Insights on Material Handling in the Workplace






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MATERIAL HANDLING IN THE WORKPLACE

Material handling is the movement, protection, storage, and control of materials and products throughout manufacturing, warehousing, distribution, consumption, and disposal. As a process, material handling incorporates a wide range of manual, semi-automated, and automated equipment and systems that support logistics and make the supply chain work.

As your partner for working safer and smarter to be more profitable, we want to talk about hazards involving material handling and what can be done to prevent mishaps involving this part of our working world. Material handling tasks cover everything from merely lifting a box by hand to multi-ton cranes that are hoisting enormous building materials at construction sites. 

Material Handling Equipment Includes:

  • Tools
  • Carts
  • Large Vehicles
  • Conveyors

  • Hoisting Equipment
  • Racks
  • Storage
  • Ergonomics

The first thing to discuss is the importance of recognizing when material handling tasks are required. Believe it or not, many workers are involved in material handling and do not even realize it. For example, a worker may quickly grab materials and try moving them without realizing the need to consider injury risks. This movement can set the stage for mishaps, which is why we must factor in the role of material handling as we accomplish our work. Here is another example: I recently worked on a project that required moving thirty 60-pound bags of concrete mix to the backyard of a house. We had to move the bags from the driveway to the area where the concrete was to be laid, which required some pre-project planning.

The next idea is to recognize the need for planning on how material handling is to be accomplished. In this example, my immediate thought was to do it the “old-fashioned way,” making multiple trips and seeing if I could carry more than one bag at a time. This approach to yardwork is a sure way to get a lifting injury! However, a little planning reveals that using a wheelbarrow would be quicker and easier on the back.  

As another example, consider the material handling hazards involved with work such as installing drywall or completing overhead tasks for HVAC workers. Technology is helping to prevent related hazards from occurring through resources like special carts or Personal Protective Equipment (PPE), ranging from exoskeleton devices to gloves and goggles.

Did you know TBG’s Safety Service Association has acquired technology such as stair-climbing carts and special exoskeleton devices for use in training? Contact your TBG Safety Services Specialist to learn more!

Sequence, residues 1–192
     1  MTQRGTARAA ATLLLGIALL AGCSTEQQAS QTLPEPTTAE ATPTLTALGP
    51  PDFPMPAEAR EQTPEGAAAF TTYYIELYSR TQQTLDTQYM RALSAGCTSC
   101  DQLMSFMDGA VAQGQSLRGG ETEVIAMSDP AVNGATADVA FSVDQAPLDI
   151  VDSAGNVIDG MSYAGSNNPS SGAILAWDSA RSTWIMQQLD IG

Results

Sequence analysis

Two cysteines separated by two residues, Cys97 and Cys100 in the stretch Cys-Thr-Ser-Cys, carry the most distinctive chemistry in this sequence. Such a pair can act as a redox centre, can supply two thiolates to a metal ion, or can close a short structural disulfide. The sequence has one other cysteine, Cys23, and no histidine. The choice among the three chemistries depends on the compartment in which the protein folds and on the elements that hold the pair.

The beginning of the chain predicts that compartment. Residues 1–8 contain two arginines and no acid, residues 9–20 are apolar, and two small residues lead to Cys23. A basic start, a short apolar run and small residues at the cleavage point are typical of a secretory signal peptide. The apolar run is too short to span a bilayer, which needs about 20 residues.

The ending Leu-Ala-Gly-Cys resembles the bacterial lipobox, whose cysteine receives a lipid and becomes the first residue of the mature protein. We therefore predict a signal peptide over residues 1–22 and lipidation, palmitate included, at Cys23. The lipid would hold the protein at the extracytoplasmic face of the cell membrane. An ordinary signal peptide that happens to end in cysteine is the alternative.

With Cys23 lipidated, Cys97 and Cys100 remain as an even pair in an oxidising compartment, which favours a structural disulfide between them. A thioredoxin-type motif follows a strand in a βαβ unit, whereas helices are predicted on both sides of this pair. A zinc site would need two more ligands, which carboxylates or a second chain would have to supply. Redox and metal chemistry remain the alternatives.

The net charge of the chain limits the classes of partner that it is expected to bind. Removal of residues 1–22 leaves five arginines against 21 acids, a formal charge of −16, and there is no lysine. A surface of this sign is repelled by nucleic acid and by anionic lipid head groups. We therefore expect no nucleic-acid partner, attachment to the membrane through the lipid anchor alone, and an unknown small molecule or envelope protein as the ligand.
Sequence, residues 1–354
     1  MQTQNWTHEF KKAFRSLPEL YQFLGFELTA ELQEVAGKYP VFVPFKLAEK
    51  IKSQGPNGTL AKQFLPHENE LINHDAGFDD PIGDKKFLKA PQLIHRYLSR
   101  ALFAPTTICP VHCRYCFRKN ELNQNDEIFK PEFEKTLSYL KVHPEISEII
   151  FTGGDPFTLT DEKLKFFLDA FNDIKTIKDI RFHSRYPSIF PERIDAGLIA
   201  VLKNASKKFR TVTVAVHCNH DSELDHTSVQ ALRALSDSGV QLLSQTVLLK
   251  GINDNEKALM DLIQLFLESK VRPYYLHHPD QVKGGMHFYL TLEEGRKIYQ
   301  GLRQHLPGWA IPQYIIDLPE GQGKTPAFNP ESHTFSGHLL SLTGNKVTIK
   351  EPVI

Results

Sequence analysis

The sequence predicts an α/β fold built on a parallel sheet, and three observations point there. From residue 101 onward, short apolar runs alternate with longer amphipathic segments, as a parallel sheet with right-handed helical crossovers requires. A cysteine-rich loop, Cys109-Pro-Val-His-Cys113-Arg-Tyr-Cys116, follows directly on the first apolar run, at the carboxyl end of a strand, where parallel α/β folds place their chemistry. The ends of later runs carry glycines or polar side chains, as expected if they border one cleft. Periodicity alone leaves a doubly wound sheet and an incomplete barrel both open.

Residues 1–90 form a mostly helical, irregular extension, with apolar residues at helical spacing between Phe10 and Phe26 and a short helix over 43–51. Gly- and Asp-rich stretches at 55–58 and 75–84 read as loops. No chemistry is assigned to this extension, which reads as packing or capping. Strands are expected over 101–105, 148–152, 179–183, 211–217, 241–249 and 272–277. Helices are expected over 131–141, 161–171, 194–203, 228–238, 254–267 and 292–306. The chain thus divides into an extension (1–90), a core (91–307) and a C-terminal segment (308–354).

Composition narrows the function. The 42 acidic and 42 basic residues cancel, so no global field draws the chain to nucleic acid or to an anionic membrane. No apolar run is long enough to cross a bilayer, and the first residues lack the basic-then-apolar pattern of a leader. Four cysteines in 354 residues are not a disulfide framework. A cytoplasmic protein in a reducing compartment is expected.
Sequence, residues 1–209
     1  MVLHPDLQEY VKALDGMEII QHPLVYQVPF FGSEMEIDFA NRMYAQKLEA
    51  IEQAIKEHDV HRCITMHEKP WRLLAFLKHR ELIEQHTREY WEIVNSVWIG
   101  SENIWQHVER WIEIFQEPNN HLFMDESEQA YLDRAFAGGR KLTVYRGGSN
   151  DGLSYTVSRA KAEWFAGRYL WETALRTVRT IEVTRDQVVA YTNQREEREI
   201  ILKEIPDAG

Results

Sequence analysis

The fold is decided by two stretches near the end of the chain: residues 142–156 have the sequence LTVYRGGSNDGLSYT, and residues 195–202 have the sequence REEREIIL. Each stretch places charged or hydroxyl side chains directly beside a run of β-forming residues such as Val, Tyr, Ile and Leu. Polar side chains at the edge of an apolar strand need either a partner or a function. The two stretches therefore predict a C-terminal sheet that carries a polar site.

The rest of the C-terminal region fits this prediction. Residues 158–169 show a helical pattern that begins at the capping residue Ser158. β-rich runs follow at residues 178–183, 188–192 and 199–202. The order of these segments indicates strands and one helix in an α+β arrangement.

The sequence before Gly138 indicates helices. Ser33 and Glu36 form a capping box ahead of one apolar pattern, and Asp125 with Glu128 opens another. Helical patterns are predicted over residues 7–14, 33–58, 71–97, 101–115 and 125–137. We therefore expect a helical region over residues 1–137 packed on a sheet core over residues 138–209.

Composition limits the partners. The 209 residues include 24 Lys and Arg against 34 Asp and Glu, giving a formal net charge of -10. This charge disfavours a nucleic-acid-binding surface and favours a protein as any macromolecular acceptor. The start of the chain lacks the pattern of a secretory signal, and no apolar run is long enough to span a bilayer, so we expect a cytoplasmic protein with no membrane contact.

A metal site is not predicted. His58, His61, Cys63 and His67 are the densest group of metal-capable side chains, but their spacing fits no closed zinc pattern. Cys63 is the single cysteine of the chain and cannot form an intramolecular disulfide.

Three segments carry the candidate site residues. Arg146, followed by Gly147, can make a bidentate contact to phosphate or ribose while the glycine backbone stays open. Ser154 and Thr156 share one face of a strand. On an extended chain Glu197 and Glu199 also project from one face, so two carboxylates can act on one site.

Lastly, it is important to realize that training is vital to successful material handling operations. The latest devices are no good if we do not know how to use them properly. It is easy to assume we know how to operate special carts or cranes just by watching others, but there is often more going on than meets the eye. Avoid complacency!

When designing a material handling system, it is important to refer to best practices to ensure that all the equipment and processes including manual, semi-automated, and automated in a facility work together as a unified system. 

Consequently, there is more that can be said about material handling in the workplace. However, hopefully, this information motivates you to take a look at your operations involving material handling, resulting in increased safety and a better understanding of frequently occurring events.

RESOURCES
For assistance on this and other safety topics, check out these resources outside of TBG from the TBG Safety Service Association:











September is National Preparedness Month

September is National Preparedness Month! This is an observance each September to raise awareness about the importance of preparing for disasters and emergencies that could happen in the workplace or other spaces. So, make a plan and ensure you’re prepared before disaster strikes.





Upcoming Training Opportunities
Please reach out to your TBG Safety Representative to schedule your safety training needs. You can also look at the TBG Safety Training Calendar for upcoming training opportunities.

10/25: OSHA CONSTRUCTION SAFETY OUTREACH 10-HOUR COURSE

As your partner for working safer and smarter to be more profitable, we at the TBG Safety Service Association are committed to bringing your organization more resources that benefit everyone.

Thanks to the new TBG Safety Service Association, we are now offering each TBG member two free seats per year and lower member pricing for our OSHA-10 training!

Members are jointly and severally liable for their proportionate share of obligations for the group and will be assessed on an individual and proportionate share basis for any deficit created by the group. Dividends are not guaranteed. 

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